When LP-Gas transport vehicles are parked or serviced in separate structures indoors by the owner/operator, the building must meet the construction requirements of National Fire Protection Association 58, Liquefied Petroleum Gas Code. A “separate” structure is one that is not attached to any
other buildings or structures on the site.
Separate buildings or structures are limited to a single story in height and are required to have noncombustible walls, floors, ceilings and roofs. The exterior walls and ceilings should be made of lightweight material designed for explosion venting, or, if they are made of heavy construction materials such as solid brick masonry, concrete block, or reinforced concrete construction, they should be equipped with explosion venting windows that have an explosion venting area of at least 1 foot (0.1 meter2) for each 50 feet3 (1.4 m3) of the structure’s enclosed volume.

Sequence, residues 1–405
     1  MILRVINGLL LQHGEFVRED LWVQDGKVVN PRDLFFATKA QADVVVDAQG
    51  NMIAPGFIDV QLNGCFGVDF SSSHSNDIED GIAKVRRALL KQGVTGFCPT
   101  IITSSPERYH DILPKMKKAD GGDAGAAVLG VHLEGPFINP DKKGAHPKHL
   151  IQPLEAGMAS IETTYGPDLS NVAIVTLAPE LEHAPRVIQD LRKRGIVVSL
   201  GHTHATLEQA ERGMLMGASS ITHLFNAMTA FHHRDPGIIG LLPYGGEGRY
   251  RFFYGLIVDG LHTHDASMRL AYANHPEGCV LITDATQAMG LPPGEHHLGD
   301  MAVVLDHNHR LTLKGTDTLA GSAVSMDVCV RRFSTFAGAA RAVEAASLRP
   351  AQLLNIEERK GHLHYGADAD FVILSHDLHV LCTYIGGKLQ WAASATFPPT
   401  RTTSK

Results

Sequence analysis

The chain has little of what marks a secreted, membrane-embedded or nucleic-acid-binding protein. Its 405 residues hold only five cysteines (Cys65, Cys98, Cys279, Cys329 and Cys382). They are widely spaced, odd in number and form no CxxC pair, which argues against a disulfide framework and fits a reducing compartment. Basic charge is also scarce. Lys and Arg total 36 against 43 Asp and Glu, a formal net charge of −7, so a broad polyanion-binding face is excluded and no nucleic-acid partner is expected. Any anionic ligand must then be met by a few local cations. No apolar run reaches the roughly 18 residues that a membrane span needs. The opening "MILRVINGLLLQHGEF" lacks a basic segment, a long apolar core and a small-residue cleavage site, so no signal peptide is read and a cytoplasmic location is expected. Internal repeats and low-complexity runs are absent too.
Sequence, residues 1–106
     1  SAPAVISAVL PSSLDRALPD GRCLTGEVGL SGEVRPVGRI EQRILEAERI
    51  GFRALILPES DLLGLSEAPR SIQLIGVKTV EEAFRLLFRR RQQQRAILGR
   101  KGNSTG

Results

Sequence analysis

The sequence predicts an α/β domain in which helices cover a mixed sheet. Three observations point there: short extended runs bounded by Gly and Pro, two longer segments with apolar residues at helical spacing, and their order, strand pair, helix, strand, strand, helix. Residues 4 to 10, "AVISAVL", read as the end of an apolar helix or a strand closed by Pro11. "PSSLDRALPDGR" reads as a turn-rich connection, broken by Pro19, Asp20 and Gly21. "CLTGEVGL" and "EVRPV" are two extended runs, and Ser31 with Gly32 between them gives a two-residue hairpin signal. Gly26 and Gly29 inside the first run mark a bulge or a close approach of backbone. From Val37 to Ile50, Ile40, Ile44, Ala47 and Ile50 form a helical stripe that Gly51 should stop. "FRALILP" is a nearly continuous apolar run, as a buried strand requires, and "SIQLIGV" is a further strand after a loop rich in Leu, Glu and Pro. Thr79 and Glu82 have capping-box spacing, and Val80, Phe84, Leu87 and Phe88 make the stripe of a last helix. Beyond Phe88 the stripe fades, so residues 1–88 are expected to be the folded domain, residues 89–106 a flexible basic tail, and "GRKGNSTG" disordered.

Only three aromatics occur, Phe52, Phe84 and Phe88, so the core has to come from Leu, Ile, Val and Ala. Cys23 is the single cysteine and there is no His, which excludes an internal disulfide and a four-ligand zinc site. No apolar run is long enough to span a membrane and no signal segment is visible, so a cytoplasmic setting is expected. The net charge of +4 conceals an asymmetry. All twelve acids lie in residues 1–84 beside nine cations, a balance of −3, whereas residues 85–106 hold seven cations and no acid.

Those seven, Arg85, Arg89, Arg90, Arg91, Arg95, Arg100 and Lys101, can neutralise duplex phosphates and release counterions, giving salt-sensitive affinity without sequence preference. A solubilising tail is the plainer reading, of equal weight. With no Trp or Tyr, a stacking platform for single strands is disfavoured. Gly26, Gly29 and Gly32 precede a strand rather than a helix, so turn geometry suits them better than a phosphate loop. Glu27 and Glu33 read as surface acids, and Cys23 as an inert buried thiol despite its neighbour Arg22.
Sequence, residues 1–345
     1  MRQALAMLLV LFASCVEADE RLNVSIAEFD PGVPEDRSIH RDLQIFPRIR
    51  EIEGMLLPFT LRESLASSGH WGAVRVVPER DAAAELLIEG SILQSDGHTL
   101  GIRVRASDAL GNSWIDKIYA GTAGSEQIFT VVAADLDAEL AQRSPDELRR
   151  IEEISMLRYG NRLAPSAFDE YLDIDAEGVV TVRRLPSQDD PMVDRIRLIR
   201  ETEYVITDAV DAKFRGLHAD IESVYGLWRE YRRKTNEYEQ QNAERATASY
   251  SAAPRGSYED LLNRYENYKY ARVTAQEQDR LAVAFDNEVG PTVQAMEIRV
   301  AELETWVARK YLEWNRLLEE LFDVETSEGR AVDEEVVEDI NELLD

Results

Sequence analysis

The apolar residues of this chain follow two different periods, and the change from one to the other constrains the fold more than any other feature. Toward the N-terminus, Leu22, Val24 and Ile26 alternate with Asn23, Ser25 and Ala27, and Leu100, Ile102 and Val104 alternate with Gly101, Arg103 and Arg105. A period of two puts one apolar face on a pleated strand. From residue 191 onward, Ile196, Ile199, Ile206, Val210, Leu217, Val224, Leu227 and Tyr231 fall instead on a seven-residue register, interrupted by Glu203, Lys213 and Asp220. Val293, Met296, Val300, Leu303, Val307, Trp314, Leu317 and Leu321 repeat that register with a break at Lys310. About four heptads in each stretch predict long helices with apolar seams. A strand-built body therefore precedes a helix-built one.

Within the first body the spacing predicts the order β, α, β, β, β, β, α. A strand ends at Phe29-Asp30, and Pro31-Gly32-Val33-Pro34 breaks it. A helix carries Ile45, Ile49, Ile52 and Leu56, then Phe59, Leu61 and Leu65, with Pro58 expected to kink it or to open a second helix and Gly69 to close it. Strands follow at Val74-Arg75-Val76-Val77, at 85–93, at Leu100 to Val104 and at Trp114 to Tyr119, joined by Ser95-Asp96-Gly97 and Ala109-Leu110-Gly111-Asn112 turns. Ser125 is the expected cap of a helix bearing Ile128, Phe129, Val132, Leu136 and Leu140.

The floor of separate structures should not be below ground level. Due to the fact that LP-Gas vapors are heavier than air and will settle if released from a container, any space beneath the floor should be solidly filled or have a perimeter that is entirely unenclosed to allow ventilation.
The structure should be ventilated using air inlets and outlets with the lowest part of the vent located not more than 6 inches (150 millimeters) above the floor.
Ventilation should be provided in accordance with the following:
- Where mechanical ventilation is used, the rate of air circulation should be at least 1 foot3 /min·foot2 (0.3 m3/min·m2) of floor area.
- Outlets should discharge at least 5 feet (1.5 m) from any opening into the structure or any other structure.
- Where natural ventilation is used, each exterior wall should be provided with one opening for each 20 feet (6.1 m) of length.
- Each opening should have a minimum size of 50 inches2 (32,250 mm2), and the total of all openings should be at least 1 inch2 /foot2 (6,900 mm2/m2) of floor area.
If the structure is used for storage only, natural ventilation is usually adequate. Mechanical ventilation is more reliable than natural ventilation and is preferred for buildings where liquid LP-Gas transfer occurs.
For more information, refer to NFPA 58, Liquefied Petroleum Gas Code
NFPA Coffeee Break Training No. FP-2013-14 April 2, 2013 http://www.usfa.fema.gov/downloads/pdf/coffee-break/cb_fp_2013_14.pdf